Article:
[JURIST] French President Nicolas Sarkozy [official profile, in French; JURIST news archive] called Wednesday for strong banking regulations [speech, PDF; press release] to restore the "moral dimensions" of capitalism. Speaking at the World Economic Forum Annual Meeting [official website] in Davos, Switzerland, Sarkozy called the current financial malaise a "crisis of globalization." He promised to target trade imbalances [Times report] between the East and West and called for a new currency exchange system [FT report] to prevent monetary dumping, as well as writing new laws to curb banks from speculating [Independent report]. Sarkozy said:
The other question we can no longer avoid is that of the role banks must play in the economy. The banker's job is not to speculate, it is to analyse credit risk, assess the capacity of borrowers to repay their loans and finance growth of the economy. If financial capitalism went so wrong, it was, first and foremost, because many banks were no longer doing their job. Why take the risk of lending to entrepreneurs when it is so easy to earn money by speculating on the markets? Why lend only to those who can repay the loan when it is so easy to shift the risks off the balance sheet?
President Obama is right when he says that banks must be dissuaded from engaging in proprietary speculation or financing speculative funds. But this debate cannot be confined to a single country, whatever its weight in global finance. This debate must be settled within the G20.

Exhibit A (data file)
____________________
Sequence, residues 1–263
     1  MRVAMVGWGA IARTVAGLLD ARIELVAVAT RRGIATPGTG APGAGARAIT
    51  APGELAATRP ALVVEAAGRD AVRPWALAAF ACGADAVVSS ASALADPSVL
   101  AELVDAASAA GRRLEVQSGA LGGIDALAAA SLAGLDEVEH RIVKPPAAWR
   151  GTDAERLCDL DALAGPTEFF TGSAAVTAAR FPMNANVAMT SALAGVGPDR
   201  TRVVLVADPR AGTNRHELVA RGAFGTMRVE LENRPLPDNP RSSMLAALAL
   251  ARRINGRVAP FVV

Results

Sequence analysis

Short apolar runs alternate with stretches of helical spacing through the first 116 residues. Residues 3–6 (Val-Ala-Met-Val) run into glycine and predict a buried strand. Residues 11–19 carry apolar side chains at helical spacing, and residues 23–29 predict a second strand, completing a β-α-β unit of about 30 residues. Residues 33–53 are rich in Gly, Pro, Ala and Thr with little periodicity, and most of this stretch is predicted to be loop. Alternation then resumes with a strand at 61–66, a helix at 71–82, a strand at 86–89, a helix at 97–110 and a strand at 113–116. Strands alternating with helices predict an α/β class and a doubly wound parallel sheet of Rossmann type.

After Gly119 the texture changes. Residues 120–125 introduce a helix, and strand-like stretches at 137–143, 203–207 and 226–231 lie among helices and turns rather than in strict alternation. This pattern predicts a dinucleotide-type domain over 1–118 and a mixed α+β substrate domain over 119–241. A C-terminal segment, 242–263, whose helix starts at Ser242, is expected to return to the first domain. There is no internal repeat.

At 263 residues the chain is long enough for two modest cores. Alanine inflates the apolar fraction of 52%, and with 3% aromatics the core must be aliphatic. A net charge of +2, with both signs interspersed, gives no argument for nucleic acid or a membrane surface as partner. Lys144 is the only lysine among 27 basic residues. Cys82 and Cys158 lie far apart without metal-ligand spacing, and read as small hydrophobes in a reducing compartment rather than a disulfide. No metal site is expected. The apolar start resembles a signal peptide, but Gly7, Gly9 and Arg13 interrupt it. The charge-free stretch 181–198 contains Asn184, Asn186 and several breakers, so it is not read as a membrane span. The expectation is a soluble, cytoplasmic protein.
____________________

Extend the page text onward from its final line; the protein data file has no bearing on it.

Sarkozy also called for "invest[ing] massively in the technologies of the future that will drive the digital revolution and the ecological revolution."
The US has recently taken several steps toward financial reform. Earlier this month, US President Barack Obama proposed new banking rules [JURIST report] that he claims would stabilize the banking system and reduce the risk of future bank failures. The legislation would prohibit banks from owning, investing in, or sponsoring hedge funds, private equity funds, or proprietary trading funds for profit where the funds do not benefit the banks' customers. In December, the US House of Representatives approved a bill [JURIST report] that would create a consumer protection agency, strengthen financial oversight and prohibit certain types of predatory and abusive lending. The US House Financial Services Committee [official website] had approved a bill to create a consumer financial protection agency in October, after originally delaying [JURIST reports] it at the behest of financial industry leaders in July. The creation of the agency is a key step in achieving Obama's stated goal of tightening financial industry regulations. In June, the administration proposed a broad series of regulatory reforms [press release; JURIST report] aimed at restoring confidence in the US financial system.